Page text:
In explaining the majority's rejection of the Colorado measure, Kennedy wrote, "First, the amendment has the peculiar property of imposing a broad and undifferentiated disability on a single named group. . . . Second . . . the amendment seems inexplicable by anything but animus toward the class that it affects," and this, Kennedy said, violates the Constitution's guarantee of equal protection of the laws.
The majority's suggestion that Colorado intended to harm homosexuals drew a biting dissent from Scalia, who called the law a "modest attempt by seemingly tolerant Coloradans to preserve traditional sexual mores against the efforts of a politically powerful minority . . ."
Scalia said the court was placing "the prestige of this institution behind the proposition that opposition to homosexuality is as reprehensible as racial or religious bias."
Whether homosexuality is reprehensible, Scalia said, should be answered by America's cultural debate over gay rights and is no business of the courts. Scalia, who accused the court of taking sides in the "culture wars," took the unusual step of voicing his vigorous dissent from the bench yesterday.
As an endorsement of gay rights, the decision did not go as far as it could have because Kennedy actually rejected a legal analysis that would have put sexual orientation on footing similar to race or gender. Rather, he utilized the most lenient form of judicial scrutiny to conclude that Colorado's law had no legitimate government purpose. He also did not refer at all to the 1986 Bower v. Hardwick decision that upheld a Georgia anti-sodomy statute and said there is no constitutional privacy right to consensual homosexual conduct.
In the majority with Kennedy were Justices John Paul Stevens, Sandra Day O'Connor, David H. Souter, Ruth Bader Ginsburg and Stephen G. Breyer.
Dissenting with Scalia were Chief Justice William H. Rehnquist and Justice Clarence Thomas.
Colorado's so-called Amendment 2, struck down in yesterday's Romer v. Evans, declared that no government entity in the state could adopt any policy under which "homosexual, lesbian or bisexual orientation, conduct, practices or relationships shall . . . entitle any person or class of persons to have or claim any minority status, quota preferences, protected status or claim of discrimination."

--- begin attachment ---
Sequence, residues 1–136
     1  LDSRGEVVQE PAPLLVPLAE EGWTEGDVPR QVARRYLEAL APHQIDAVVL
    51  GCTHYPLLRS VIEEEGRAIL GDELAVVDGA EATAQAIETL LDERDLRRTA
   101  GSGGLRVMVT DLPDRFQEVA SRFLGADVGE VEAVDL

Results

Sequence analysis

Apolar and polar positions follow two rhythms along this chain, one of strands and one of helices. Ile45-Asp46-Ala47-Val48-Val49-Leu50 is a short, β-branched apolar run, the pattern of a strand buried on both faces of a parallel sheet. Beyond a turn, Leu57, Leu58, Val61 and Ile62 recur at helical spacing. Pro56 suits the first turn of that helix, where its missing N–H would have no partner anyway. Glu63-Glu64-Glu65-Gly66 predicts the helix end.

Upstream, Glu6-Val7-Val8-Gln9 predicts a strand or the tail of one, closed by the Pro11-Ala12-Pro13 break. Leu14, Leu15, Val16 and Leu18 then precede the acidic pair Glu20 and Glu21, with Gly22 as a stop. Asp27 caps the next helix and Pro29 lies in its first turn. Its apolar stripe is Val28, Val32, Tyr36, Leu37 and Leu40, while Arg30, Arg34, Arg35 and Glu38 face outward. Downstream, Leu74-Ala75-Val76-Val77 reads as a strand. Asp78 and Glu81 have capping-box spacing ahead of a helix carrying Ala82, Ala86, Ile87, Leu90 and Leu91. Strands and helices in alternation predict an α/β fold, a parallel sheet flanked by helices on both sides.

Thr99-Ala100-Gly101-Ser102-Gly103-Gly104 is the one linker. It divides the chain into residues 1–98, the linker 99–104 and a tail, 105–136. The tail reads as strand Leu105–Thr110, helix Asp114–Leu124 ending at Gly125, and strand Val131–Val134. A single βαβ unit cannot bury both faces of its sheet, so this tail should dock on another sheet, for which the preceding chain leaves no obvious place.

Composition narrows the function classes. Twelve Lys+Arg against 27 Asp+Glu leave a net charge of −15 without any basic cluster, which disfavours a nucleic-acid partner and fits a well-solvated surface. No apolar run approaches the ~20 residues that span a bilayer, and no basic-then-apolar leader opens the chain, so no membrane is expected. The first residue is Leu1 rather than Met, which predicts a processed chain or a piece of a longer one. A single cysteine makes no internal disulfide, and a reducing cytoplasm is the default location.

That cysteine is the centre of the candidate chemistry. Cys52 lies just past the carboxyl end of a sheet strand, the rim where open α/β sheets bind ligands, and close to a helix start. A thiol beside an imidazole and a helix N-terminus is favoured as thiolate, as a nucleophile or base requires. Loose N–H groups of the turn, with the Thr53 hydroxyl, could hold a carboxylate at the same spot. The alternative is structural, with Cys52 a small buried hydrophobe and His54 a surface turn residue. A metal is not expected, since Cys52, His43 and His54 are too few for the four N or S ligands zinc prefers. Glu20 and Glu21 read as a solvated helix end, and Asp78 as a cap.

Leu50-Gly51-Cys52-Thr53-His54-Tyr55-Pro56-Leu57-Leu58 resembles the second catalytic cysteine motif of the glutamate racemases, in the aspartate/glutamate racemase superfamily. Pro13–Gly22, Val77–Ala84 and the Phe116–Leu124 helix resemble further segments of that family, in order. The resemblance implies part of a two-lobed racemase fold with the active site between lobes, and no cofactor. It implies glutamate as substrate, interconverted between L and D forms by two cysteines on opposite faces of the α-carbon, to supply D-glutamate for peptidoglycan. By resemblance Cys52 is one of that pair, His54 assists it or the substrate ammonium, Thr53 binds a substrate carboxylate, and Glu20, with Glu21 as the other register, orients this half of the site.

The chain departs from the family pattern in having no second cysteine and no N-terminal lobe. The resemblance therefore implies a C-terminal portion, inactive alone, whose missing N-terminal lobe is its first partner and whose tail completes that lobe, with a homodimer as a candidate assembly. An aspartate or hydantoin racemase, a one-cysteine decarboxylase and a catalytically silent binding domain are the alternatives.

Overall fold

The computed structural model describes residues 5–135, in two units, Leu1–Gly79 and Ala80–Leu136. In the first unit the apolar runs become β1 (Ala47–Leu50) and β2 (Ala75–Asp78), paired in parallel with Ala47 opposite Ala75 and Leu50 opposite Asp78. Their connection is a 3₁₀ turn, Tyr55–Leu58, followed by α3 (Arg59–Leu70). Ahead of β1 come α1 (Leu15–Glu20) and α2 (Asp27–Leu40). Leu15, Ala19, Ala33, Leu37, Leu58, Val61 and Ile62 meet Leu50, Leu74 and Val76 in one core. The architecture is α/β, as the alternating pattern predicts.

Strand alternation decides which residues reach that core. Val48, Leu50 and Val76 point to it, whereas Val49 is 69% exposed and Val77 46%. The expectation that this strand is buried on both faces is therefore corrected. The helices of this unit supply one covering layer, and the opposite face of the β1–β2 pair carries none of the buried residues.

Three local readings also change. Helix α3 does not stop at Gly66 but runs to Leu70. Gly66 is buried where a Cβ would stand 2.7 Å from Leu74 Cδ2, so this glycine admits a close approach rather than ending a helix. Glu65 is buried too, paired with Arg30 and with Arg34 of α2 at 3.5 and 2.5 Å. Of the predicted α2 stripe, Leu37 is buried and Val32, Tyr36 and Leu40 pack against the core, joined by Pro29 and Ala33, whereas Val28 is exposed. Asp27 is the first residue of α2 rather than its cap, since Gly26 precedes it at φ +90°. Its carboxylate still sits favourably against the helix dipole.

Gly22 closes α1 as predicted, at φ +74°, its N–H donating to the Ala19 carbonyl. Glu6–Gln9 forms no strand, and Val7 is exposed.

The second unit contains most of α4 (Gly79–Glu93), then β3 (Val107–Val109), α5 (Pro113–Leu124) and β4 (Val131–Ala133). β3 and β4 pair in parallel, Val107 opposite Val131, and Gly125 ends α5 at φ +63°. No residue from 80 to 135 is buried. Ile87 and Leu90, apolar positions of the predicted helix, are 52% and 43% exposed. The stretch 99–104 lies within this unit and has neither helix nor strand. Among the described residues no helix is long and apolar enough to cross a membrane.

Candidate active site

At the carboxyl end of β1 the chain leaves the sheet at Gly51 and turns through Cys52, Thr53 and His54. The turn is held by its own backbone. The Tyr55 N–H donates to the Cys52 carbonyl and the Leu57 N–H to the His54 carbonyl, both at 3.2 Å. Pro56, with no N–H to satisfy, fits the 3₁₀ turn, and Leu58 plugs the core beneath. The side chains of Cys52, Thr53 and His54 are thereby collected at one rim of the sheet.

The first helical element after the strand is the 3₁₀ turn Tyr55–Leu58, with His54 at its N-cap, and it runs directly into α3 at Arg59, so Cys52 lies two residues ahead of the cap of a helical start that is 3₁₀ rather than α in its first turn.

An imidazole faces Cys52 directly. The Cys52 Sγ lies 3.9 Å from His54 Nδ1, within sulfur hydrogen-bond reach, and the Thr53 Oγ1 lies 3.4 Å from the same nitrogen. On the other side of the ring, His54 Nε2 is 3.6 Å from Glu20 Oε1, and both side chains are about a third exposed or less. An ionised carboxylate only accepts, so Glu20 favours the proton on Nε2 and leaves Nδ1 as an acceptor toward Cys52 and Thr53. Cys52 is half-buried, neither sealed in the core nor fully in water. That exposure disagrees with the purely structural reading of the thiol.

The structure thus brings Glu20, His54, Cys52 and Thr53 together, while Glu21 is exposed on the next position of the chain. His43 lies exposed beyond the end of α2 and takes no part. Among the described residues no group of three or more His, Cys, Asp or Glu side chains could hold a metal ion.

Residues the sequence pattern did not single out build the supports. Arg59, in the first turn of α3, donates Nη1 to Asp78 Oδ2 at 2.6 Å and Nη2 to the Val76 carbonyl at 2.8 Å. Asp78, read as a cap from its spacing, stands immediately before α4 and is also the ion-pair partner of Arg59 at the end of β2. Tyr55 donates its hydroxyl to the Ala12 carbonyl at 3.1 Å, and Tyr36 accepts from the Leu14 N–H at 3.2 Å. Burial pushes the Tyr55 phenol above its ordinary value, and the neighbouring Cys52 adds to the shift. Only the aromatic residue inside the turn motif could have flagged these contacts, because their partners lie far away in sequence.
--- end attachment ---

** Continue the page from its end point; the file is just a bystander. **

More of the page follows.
Part of the impetus for the referendum were ordinances in Aspen, Boulder, Denver and other Colorado communities that banned discrimination based on sexual orientation in housing, employment, education, public accommodations and health and welfare services. Supporters of Amendment 2 raised moral arguments against homosexuality at the time of the referendum, and state officials, who later defended the law, said states should have broad control over city social policies.
Richard Evans, a Denver municipal employee who was active in gay causes, sued the state, saying that the prohibition deprived gays of their ability to urge their city councils to accord them specific protections from discrimination.
The Colorado Supreme Court ruled for Evans, and Gov. Roy Romer (D) appealed.
In other action yesterday:
The court agreed to judge the validity of Georgia's new congressional district map, which features only one black majority district. The justices said they will study arguments by the Clinton administration and minority-rights activists that reapportionment imposed by a three-judge federal court panel in Georgia is unconstitutional.
The court also told a federal appeals court to restudy its ruling that upheld Baltimore's ban on billboard ads for alcoholic beverages in light of a Supreme Court decision last week giving advertisers significantly greater protection from government regulation.
© 1996 The Washington Post Company